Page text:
Visit Julie Barton’s Blog here:  https://byjuliebarton.com/

An in-depth interview of Julie Barton and “Dog Medicine” can be found here:  https://www.youtube.com/watch?v=RikLo6TQB7g

 

 

 

Posted in Doggone Good Reads!

“Craig & Fred”

“Craig & Fred,” written by Craig Grossi, is a doggone good read that is certain to raise the question “Who rescued who?” A heartwarming story, “Craig and Fred” details the unique circumstances that brought man and dog together as one.  Grossi utilizes an easy-to-read narrative to depict his inter and intranational journeys alongside his best four-legged pal, Fred.

CF

Told through the eyes of an eight-year Veteran of the United States Marine Corps, readers can expect to gain insight into Grossi’s wartime experiences, including the often difficult transition to civilian life.  In sharing his story, the author outlines how Fred served as a social lubricant, allowing for more seamless discussion of difficult war stories.  Throughout their experiences together, Fred faithfully served (and continues to serve) as a constant source of companionship, comfort, and guidance, and their relationship together truly embodies the human-canine bond.  Through this inspiring story, readers gain clarity into why dogs really are man’s best friend.  Although the question remains of “Who saved who?,” it is clear that both Craig and Fred played important roles in one another’s journeys toward healing and recovery!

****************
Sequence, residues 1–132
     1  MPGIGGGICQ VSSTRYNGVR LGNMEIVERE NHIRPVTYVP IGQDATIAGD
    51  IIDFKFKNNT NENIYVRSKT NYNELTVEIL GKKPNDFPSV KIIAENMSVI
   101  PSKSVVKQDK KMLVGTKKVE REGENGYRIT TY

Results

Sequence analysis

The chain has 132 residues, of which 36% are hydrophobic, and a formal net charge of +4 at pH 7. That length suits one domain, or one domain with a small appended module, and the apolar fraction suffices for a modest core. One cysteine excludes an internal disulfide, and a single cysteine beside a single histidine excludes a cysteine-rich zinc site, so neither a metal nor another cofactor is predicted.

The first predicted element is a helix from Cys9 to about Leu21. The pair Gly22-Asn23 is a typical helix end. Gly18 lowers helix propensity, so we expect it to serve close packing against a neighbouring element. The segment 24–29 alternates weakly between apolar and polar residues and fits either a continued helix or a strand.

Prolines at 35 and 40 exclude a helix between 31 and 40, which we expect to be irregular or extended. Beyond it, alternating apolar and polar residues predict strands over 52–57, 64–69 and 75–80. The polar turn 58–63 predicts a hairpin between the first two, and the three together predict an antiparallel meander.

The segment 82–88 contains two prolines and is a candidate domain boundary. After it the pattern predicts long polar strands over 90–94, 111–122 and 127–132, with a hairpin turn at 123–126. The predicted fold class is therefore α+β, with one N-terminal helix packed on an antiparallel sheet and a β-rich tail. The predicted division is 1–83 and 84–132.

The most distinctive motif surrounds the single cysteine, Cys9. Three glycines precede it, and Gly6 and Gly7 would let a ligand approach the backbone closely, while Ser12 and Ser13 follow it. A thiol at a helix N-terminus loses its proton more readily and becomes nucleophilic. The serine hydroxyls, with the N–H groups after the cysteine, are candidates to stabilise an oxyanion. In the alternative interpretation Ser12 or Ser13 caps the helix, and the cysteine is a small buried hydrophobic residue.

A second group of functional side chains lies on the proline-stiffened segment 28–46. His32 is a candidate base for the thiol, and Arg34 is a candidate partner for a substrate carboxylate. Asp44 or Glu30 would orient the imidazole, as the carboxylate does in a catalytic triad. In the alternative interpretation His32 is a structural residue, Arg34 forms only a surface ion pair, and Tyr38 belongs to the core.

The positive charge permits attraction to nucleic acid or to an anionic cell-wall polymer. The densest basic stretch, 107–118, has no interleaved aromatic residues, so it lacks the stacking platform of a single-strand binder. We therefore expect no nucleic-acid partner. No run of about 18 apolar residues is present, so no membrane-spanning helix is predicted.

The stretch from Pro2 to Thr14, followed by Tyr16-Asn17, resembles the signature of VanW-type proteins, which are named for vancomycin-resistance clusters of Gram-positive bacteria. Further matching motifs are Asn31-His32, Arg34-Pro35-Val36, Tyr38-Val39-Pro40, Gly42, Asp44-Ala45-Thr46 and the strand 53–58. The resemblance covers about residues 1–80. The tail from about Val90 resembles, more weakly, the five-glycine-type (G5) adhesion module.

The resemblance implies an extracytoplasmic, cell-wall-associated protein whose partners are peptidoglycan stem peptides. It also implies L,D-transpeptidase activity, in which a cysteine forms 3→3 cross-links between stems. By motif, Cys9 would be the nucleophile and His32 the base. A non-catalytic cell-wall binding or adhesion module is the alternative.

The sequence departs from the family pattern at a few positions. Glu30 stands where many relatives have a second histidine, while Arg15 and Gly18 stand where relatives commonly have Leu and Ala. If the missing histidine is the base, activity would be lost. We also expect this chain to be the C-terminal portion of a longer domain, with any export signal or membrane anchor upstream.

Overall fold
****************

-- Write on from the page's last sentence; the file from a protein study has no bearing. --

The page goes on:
Interested in following along on the many journeys of Craig and Fred?  Follow them on social media!
Facebook:  /FredTheAfghan
Twitter:  @fredtheafghan
Instagram: @fredtheafghan

Posted in Doggone Good Reads!